After I impressed the soldiers with my handling of the weapons, and laughing about how I was really bad with a pistol because I was having too much fun being an action hero (true story), we went to the other playground, and the children were allowed to shoot water gel pellet thingies (technical term) at little targets using the modified rifles.

Honestly their weapons handling and weapons’ safety was awful. I know they weren’t firing anything that could cause any harm, but those pellet could probably still sting, and as someone who has been in the army, your weapons’ safety is drilled into you so much that it becomes automatic. Even with a plastic rifle that can’t be fired, I still have to tell myself multiple times that it’s alright to point it at someone. The ones with water gel pellets in? absolutely not. They were not going to be pointed at anyone at any time, except the target, which, when I had a go, I shredded.

The kids also got an opportunity to put up a tent. It was a popup tent, and honestly, we should have them in the UK. Truthfully it wasn’t quite popup, but instead of having the poles separate, they were attached to the canvas in a sort of spider formation at the top, and folded in on themselves.

I’m pretty experienced at the camping thing. I can put up my tent in 10-15 minutes, depending on how much help I get, and who the help is. The way this tent is constructed would reduce that time so much. And when you’re putting it away it’s much easier to fit back into the bag. It’s a miracle and I want one.

At the end of the week, the kids had a presentation for their parents which was boring until it got weird. The children all did their little performances where they turned left, right, open order, dressings and all other simple military stuff. Then the parents were asked to make a very big circle, and they were all handed a rope. They spread backwards so the rope was tight, pulling it and leaning off it. THEN THE SOLDIERS MADE THE CHILDREN TIGHTROPE WALK THIS ROPE. I was confused and speechless and these are small children who are walking along a rope that’s five feet in the air and I know you’re strong and can probably catch them but why? They also made the teachers do it too, which was hilarious. I mean, also maybe unsafe. And hilarious. The teacher of my KB3 class, who had been flirting with the soldier commonly known as the fit one all week got to cling to his arm as she teetered along the rope. It was all very bizarre.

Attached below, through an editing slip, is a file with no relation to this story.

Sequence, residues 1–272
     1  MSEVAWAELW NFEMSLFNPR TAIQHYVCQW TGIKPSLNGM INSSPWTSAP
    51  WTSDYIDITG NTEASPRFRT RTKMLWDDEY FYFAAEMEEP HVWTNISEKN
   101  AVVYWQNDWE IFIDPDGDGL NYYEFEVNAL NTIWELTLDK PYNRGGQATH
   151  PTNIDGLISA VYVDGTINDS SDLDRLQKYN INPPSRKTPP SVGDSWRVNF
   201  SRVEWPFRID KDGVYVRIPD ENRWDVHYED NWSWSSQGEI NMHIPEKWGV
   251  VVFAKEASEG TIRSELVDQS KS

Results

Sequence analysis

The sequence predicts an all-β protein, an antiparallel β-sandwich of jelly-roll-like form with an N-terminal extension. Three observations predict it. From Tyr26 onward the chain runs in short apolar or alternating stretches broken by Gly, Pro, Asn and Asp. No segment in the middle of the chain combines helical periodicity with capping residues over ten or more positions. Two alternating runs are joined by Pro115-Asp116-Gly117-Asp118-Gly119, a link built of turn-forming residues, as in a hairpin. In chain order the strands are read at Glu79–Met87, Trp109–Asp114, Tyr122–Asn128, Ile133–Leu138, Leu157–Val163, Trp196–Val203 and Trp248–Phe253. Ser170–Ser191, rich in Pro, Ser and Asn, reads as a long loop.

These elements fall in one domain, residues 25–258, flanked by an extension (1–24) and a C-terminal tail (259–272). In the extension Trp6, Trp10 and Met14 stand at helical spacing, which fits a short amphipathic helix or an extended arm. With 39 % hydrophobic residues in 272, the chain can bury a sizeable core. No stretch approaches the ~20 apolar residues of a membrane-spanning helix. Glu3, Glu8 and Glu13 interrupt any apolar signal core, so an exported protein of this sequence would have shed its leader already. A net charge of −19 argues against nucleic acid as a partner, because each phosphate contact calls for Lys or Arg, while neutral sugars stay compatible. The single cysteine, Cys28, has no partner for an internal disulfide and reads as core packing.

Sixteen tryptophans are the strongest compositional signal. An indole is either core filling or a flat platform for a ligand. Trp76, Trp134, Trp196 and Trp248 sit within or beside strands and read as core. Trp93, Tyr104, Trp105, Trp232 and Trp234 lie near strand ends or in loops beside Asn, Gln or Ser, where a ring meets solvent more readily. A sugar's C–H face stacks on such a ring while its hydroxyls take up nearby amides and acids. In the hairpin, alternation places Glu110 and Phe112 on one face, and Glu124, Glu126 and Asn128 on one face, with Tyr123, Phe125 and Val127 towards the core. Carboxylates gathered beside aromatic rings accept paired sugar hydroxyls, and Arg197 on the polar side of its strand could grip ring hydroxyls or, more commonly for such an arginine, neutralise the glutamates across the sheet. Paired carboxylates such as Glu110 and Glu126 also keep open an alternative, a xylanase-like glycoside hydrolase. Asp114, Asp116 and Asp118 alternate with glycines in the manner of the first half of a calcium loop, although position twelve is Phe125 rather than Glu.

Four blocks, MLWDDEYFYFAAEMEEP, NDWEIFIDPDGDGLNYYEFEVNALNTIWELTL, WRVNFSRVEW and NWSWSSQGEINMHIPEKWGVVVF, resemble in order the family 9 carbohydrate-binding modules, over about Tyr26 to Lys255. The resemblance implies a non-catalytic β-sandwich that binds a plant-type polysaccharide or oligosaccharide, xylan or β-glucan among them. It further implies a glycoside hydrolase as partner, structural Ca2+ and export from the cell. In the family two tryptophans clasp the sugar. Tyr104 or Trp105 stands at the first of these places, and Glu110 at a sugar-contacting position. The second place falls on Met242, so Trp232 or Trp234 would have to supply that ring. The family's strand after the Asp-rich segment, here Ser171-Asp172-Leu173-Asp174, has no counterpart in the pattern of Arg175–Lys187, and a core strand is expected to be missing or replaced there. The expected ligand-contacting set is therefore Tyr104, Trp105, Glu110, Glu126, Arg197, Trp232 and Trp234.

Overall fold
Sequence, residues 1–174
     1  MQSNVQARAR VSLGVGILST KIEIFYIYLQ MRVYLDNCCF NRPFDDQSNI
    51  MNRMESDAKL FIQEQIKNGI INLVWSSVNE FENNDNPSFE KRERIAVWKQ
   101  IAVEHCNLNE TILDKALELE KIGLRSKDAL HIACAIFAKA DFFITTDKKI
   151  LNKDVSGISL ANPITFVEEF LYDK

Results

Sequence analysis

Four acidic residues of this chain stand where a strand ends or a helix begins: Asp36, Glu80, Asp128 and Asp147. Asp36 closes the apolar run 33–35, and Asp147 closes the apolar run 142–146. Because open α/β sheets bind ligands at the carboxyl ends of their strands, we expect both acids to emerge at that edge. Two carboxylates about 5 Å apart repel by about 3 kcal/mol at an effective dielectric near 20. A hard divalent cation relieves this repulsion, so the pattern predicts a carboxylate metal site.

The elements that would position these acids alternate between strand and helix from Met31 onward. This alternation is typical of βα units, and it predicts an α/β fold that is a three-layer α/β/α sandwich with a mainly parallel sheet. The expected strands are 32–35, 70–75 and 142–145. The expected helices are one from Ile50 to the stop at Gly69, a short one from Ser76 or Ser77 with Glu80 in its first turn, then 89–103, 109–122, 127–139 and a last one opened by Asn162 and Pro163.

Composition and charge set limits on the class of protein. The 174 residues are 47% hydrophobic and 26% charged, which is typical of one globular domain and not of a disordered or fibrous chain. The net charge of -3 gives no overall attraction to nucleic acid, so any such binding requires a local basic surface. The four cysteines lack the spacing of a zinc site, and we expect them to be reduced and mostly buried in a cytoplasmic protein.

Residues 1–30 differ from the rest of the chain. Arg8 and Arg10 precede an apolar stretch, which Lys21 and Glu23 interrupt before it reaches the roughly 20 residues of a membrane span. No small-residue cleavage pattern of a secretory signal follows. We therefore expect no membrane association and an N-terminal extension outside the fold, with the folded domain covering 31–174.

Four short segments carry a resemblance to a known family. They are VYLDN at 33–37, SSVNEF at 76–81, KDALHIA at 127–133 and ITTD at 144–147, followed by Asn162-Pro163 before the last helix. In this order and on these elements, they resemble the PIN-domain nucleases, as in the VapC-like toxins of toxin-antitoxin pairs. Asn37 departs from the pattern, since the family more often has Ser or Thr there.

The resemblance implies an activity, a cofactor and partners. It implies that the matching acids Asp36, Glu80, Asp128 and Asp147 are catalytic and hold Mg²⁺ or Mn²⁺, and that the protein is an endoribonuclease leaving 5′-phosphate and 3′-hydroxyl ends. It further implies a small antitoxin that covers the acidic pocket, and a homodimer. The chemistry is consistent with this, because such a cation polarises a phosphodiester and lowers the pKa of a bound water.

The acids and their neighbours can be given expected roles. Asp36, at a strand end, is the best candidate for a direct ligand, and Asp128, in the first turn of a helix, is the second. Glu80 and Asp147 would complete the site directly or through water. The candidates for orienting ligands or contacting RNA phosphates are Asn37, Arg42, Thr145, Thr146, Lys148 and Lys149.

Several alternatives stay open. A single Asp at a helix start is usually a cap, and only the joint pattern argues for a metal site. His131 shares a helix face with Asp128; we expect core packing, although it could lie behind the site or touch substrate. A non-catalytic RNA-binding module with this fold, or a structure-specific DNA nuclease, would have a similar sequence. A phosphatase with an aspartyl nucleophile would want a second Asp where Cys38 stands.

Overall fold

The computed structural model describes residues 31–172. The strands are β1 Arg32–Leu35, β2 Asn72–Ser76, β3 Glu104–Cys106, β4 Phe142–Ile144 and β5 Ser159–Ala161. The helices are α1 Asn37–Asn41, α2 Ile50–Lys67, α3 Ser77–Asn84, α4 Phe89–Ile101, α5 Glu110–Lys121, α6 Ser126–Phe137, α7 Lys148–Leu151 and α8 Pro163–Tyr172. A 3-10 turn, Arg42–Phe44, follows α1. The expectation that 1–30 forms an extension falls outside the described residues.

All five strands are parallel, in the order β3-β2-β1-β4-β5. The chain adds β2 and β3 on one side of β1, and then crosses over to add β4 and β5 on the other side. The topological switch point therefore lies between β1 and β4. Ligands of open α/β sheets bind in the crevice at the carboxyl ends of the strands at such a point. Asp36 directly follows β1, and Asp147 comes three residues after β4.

It was an interesting yet boring week, as we had nothing to do but watch, and I had a feeling like they were recruiting way too young. But I did make a new friend. Who I still speak to occasionally. Yep, it was the fit soldier. They wanted pictures with us, because they don’t get to see or interact with many white people. The fit soldier was proud to show me that he had been to Thailand and Vietnam as he still had money from those places in his phone case. I still had a fiver on me from the wedding, which I showed to him and it took a while to work out how much it was worth in yuan. I tried to give it to him, but he wouldn’t take it, so I guess at some point, he’ll have to come to England. The Chinese really don’t travel that much outside of China, and with its size and variety I don’t blame them. But that really would be a coup for him.